No-deal Brexit 'could disrupt flights', UK government warns

A no-deal Brexit could cause disruption to flights between the UK and countries in the European Union, the UK government has admitted, but it expects services will continue to operate.

In its latest set of notices outlining worst-case scenarios in the event of a no-deal, the UK government said air travel could be affected because aviation licences would not be valid after Britain exits the EU on 29 March 2019.

“If the UK leaves the EU in March 2019 with no agreement in place, UK- and EU-licensed airlines would lose the automatic right to operate air services between the UK and the EU without seeking advance permission,” the government said.

However, it “would envisage” granting permission to EU airlines to continue to operate and it “would expect EU countries to reciprocate in turn”. That would form the basis of a ‘bare bones’ agreement.

“It would not be in the interest of any EU country or the UK to restrict the choice of destinations that could be served, though, if such permissions are not granted, there could be disruption to some flights,” the government said.

Despite this, EU-licensed airlines would lose the ability to operate wholly within the UK and UK-licensed airlines would lose the ability to operate intra-EU air services.

For airlines licensed outside the UK and the EU, their eligibility to operate air services to the UK will be determined by the air service agreement between the UK and the state in which they are licensed.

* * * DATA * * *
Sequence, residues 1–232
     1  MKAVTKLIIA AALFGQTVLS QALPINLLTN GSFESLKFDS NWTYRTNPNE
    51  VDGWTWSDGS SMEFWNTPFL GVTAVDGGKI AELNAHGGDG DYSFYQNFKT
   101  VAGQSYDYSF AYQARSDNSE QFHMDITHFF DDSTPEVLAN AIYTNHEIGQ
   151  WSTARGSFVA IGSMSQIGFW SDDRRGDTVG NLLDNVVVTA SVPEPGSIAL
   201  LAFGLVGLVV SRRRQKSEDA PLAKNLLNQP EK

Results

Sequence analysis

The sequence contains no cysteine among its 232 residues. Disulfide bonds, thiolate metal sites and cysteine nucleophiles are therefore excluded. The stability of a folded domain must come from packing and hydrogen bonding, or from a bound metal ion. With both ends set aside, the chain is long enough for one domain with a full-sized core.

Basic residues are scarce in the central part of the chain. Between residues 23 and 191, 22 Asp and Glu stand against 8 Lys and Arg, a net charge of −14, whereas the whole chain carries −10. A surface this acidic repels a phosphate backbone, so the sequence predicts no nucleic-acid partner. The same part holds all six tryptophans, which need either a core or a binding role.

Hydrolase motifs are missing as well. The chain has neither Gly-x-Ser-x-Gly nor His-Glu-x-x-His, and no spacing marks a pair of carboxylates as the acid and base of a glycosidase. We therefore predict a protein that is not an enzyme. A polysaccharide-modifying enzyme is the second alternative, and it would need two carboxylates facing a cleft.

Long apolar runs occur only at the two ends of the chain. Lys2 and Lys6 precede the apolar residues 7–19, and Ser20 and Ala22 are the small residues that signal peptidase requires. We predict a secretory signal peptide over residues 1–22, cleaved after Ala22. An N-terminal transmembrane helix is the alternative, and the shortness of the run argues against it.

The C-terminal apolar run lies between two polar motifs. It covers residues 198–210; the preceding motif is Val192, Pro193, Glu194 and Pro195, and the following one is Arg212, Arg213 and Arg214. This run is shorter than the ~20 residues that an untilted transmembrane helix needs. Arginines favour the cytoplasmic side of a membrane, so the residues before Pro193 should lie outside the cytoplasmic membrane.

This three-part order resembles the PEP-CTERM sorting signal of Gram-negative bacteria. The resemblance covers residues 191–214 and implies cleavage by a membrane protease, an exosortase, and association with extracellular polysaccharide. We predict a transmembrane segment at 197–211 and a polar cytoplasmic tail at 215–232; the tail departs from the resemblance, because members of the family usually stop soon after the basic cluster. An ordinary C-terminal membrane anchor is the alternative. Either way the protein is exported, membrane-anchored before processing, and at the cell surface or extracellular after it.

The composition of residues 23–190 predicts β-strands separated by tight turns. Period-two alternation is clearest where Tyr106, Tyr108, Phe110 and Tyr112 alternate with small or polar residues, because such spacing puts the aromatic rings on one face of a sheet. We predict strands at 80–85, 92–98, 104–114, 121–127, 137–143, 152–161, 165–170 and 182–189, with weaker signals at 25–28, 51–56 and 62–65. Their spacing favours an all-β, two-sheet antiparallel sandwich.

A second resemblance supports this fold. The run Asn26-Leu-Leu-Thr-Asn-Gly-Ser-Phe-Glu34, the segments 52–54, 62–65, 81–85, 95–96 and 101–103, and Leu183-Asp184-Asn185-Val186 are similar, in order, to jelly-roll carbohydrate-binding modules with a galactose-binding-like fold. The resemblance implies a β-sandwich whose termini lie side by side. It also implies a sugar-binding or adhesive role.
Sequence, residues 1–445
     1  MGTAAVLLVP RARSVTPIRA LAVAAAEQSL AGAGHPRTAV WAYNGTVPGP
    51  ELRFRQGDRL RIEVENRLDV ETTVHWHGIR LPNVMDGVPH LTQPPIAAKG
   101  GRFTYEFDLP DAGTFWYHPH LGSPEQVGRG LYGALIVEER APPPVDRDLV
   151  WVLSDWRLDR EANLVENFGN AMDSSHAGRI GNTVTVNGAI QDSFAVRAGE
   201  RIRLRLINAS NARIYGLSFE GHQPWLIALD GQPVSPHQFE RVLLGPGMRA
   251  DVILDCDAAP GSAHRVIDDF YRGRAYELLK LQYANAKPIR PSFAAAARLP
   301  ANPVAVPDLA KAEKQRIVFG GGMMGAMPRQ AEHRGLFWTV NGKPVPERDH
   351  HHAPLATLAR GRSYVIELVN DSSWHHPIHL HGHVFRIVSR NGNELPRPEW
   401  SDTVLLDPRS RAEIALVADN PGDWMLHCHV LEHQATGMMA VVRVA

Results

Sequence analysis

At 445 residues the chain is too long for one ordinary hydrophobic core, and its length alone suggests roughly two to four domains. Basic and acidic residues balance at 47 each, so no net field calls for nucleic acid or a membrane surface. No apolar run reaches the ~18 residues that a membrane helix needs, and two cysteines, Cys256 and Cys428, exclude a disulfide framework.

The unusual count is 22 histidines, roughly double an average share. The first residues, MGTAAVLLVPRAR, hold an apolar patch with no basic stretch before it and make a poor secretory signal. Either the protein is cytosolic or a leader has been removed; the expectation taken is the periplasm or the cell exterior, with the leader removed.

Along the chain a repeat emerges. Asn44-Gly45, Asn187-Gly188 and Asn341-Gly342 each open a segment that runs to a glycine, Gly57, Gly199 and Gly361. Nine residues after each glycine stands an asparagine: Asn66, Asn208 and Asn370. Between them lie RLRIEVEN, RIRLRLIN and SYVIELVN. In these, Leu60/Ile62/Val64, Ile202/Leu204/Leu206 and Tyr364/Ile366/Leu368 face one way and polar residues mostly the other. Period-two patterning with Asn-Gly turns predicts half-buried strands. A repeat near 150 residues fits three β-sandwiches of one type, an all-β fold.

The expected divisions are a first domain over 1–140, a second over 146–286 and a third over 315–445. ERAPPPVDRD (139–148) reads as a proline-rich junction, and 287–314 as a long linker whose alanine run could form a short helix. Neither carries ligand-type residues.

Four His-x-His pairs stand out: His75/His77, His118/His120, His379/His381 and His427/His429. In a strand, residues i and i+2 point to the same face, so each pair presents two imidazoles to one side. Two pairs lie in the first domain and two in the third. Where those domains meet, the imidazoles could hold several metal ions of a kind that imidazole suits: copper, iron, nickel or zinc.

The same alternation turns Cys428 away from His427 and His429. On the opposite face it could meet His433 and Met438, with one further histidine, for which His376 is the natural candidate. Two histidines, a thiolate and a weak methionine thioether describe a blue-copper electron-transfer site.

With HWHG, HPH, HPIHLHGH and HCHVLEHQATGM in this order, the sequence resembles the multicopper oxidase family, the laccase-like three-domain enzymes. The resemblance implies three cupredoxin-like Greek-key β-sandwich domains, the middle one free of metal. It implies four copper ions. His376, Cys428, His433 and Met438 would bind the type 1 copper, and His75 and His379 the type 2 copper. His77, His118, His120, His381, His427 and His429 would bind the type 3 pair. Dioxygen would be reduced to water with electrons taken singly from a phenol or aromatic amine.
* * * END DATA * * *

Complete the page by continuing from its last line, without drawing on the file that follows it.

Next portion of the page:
The UK has a bilateral ASA with 111 countries, including China, India and Brazil, so there will be no change.

For airlines from one of the 17 non-EU countries with whom air services to the UK are currently provided for by virtue of the UK’s membership of the EU, the UK government said replacement arrangements will be in place before exit day on 29 March 2019. 

The current rules for the allocation of slots at UK airports would remain unchanged in the event of no-deal. The EU regulation for slot allocation would be retained by the EU Withdrawal Act, which requires slots to be allocated to airlines in a transparent and non-discriminatory way.

The process for allocation of slots at EU airports will also remain the same.

Alexandre de Juniac, director general and CEO of IATA, said the notice issued by the UK government "exposes the extreme seriousness of what is at stake and underscores the huge amount of work that would be required to maintain vital air links".

He added: "While we still hope for a comprehensive EU-UK deal, an assumption that “it will be all right on the night” is far too risky to accept. Every contingency should be prepared for, and we call upon both the EU and the UK to be far more transparent with the state of the discussions.”

Taking place from 8 - 10 April 2019, Routes Europe 2019

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